Using bat assemblages as a measure of ecosystem health
By Leslie Chow, Elizabeth Pierson, and William E. Rainey
As predators that rely almost exclusively on insects, bats may provide a reliable measure of ecosystem function.
Solar powered Anabat acoustic detection system at right.
Copyright William E. Rainey (2)
Comprising the second largest order of mammals in North America, bats trail only rodents in number of species. The NPSpecies database has records for 77 species and subspecies of bats in 141 units of the National Park System, with an average of 5 species per unit. Seventeen bat species occur in Yosemite National Park. The park is the site of a three-year study of bat activity and overwintering habits. The study tested solar-powered Anabat acoustic detection systems to monitor winter bat activity at 15 sites in Yosemite National Park, including this one along the South Fork of the Merced River.
|Photo: California Bat Conservation Fund|
IN 2003 THE U.S. GEOLOGICAL SURVEY and
University of California–Berkeley
began a three-year study to investigate patterns of bat distribution and
activity in response to aquatic insect emergence and abundance in Yosemite
National Park, California. Called “Project Bats and Rivers,” the
study is funded by the Yosemite Fund, a private, nonprofit partner of the
park. Using a combination of acoustic sampling and mist (fine mesh) netting,
investigators learned that the number of bat species declines as elevation
increases; the number of species with reproductive populations also declines
with elevation. Preliminary analyses reveal considerable night-to-night variation
in activity levels at most sites. Bat activity in the summer and autumn generally
correlates with ambient temperature, with the greatest activity occurring
on the warmest nights. In 2004 the team made the unexpected discovery that,
though activity is low on the coldest nights, insect emergence and foraging
continue at temperatures near freezing. Although the Bats and Rivers project
started as an investigation of bat distribution and activity, two years of
fieldwork suggested that the techniques being used were also applicable to
monitoring ecosystem function by detecting changes in bat assemblages (groups
of bat species inhabiting specific areas).
Until recently, bats have been hard to study because they are nocturnal and capturing them in mist nets is challenging. Acoustic detection now provides a reliable technique for recording and identifying each species based on its unique echolocation calls. During the 2004 field season the team continued to modify and improve the reliability of the Anabat acoustic detection system so that it can be used for long-term monitoring. Falling prices and lower power requirements for data storage devices have allowed investigators to deploy equipment that can operate without intervention for up to three months. These devices, which turn themselves on at dusk and off at dawn, store bat calls on small memory cards. The solar-powered systems have allowed researchers to sample simultaneously at multiple locations for extended periods with minimal labor. The system automatically identifies the species and records its abundance for a given night.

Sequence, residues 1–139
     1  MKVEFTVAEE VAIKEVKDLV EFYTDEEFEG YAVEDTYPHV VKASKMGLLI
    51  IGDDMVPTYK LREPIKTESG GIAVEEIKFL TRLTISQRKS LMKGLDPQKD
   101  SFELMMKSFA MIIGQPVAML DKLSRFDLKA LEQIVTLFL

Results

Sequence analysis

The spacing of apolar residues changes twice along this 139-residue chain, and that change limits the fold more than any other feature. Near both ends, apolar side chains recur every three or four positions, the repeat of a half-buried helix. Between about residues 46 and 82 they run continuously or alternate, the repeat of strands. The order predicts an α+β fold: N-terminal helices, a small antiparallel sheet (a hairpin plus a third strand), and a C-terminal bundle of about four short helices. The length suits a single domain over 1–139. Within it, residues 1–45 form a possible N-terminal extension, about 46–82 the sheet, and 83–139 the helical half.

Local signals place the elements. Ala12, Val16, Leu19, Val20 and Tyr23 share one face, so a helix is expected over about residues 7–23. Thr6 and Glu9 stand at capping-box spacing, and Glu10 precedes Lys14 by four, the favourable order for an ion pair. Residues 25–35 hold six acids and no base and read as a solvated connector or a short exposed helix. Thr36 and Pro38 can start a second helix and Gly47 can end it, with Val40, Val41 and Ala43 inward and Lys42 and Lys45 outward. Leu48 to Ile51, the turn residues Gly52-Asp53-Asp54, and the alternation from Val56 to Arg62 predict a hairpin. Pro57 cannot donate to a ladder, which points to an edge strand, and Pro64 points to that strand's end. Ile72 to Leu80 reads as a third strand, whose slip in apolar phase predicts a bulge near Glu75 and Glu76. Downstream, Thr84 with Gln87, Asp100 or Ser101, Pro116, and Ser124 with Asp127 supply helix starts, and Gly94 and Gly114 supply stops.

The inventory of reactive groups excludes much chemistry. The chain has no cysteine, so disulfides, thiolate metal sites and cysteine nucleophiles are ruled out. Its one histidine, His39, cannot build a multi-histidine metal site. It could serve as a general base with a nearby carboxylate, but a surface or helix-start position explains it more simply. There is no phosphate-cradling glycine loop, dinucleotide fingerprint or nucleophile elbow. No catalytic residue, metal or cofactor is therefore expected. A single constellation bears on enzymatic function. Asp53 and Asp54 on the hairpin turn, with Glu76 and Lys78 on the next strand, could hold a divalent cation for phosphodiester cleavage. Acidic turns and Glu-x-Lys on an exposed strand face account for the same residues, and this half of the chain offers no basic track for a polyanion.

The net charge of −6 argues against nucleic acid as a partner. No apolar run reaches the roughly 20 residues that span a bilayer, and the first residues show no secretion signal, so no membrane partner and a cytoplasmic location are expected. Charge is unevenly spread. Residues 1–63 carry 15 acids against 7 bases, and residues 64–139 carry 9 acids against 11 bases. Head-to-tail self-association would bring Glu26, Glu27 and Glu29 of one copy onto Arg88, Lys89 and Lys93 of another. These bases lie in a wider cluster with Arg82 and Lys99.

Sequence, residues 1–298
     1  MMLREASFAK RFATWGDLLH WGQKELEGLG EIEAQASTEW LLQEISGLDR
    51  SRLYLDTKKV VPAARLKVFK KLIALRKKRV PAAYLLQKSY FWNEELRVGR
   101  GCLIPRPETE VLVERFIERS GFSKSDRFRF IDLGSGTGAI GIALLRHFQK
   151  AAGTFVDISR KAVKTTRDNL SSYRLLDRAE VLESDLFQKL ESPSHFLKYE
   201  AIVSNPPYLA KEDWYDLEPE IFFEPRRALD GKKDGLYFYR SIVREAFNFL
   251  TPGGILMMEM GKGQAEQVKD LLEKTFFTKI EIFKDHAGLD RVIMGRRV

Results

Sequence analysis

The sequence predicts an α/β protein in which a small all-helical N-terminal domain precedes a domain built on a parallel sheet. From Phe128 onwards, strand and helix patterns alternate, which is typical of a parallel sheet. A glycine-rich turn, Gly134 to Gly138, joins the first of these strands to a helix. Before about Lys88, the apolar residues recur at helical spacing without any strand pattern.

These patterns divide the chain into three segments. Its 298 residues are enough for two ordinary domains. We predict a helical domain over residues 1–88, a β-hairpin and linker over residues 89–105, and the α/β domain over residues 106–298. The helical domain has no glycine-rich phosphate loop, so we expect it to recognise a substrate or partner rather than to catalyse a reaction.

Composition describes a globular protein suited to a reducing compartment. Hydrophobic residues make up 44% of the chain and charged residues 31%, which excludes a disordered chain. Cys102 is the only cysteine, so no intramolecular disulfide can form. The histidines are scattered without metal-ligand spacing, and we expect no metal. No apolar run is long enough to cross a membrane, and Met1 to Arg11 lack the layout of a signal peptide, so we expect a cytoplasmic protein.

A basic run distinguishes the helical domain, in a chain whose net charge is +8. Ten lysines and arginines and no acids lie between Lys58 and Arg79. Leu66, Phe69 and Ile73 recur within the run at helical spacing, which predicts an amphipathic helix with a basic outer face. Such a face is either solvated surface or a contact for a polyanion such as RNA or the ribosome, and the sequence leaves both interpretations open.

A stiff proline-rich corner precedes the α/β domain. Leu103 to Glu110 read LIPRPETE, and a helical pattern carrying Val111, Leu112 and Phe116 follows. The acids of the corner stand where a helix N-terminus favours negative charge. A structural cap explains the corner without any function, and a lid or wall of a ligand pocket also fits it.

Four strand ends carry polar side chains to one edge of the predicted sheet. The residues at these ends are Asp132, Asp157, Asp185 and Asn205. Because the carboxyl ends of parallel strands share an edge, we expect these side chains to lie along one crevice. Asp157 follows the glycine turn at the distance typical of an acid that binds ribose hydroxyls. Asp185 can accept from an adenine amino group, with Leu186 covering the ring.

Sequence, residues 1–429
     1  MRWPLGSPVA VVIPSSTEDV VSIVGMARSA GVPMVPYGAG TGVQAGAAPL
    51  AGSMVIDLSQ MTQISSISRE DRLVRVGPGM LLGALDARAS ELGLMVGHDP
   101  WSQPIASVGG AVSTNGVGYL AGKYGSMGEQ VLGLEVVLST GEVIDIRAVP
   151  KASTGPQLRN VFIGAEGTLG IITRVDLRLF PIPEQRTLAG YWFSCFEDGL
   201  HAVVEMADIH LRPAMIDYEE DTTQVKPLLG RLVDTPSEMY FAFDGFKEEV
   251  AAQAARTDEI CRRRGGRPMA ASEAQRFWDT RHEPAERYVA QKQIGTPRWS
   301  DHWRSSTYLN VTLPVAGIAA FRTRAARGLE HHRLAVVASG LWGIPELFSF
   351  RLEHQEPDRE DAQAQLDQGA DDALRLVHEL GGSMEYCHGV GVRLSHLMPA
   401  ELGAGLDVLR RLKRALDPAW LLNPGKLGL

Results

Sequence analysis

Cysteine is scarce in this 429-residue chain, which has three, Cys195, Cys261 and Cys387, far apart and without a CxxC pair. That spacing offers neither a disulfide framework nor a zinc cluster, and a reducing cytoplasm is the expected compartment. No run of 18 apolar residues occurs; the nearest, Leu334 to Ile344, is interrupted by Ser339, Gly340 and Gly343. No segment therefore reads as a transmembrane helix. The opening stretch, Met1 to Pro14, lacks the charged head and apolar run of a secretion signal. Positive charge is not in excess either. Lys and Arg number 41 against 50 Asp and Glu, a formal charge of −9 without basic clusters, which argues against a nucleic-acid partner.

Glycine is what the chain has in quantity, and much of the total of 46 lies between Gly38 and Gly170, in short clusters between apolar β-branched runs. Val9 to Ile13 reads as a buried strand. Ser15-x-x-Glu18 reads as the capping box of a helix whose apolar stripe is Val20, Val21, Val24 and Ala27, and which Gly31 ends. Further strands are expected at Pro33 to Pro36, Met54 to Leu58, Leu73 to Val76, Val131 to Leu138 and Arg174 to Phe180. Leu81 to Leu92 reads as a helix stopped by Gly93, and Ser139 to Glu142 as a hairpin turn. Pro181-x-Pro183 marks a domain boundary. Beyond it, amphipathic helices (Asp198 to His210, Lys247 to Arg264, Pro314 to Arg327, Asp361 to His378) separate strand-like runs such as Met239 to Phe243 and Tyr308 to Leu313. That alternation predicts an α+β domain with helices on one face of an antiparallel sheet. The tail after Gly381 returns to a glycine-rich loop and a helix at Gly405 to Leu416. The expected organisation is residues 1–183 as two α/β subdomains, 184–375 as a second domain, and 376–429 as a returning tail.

Pallid Bat (Antrozous pallidus)
Photo: California Bat Conservation Fund
The team tested the efficacy of using this equipment in July 2003 by deploying
15 detectors simultaneously at selected elevations for six to eight nights.
The detector in Yosemite Valley, when downloaded in late January 2004, revealed
highly unexpected results: very high levels of bat activity (rivaling levels
in summer) over the river, even on nights when the temperature dropped well
below freezing. To place this finding in context, there is almost no information
regarding where California bats winter. Although very large aggregations hibernate
in caves in the eastern and midwestern United States, very little is known
about winter behavior or overwintering sites for most western species. The
intense bat activity, involving at least three species, suggests that Yosemite
Valley, with its combination of granite cliffs and nearby river, may serve
as a significant winter refugium for bats.
As predators that rely almost exclusively on insects, bats may provide a reliable measure of ecosystem function. Changes in the composition of bat species in a particular location may reflect ecosystem changes that require more intensive study. Using arrays of 8 to 10 acoustic detectors spread among a variety of habitats enables investigators to “capture” the widest diversity of bat species, increasing the chances of detecting those that are rare or habitat-specific.
The Sierra Monitoring Network is currently inventorying bats in three parks. In Sequoia National Park, two Anabat acoustic detectors are monitoring bat activity over the 2004–2005 winter. A remaining challenge for the Anabat system is developing filters that will fully automate the identification of bats from their calls. Though the Anabat acoustic detection system recognizes the sonogram of the calls of many species, some species still require visual examination of call sequences. The team is also working on designing a statistically valid sampling protocol for detecting real changes in bat assemblages. When the protocol is fully developed, assemblages of bat species could be selected as a “vital sign,” an indicator of ecosystem conditions for monitoring networks where bats abound.
Wildlife Biologist, U.S. Geological Survey Western Ecological Research Center, Yosemite Field Station, California
Consulting Biologist, Berkeley, California
Associate Specialist, Department of Integrative Biology, University of California–Berkeley
California Bat Conservation Fund Photos of bats as well as what to do with a bat in your house or where to take an injured bat. Offers educational outreach.
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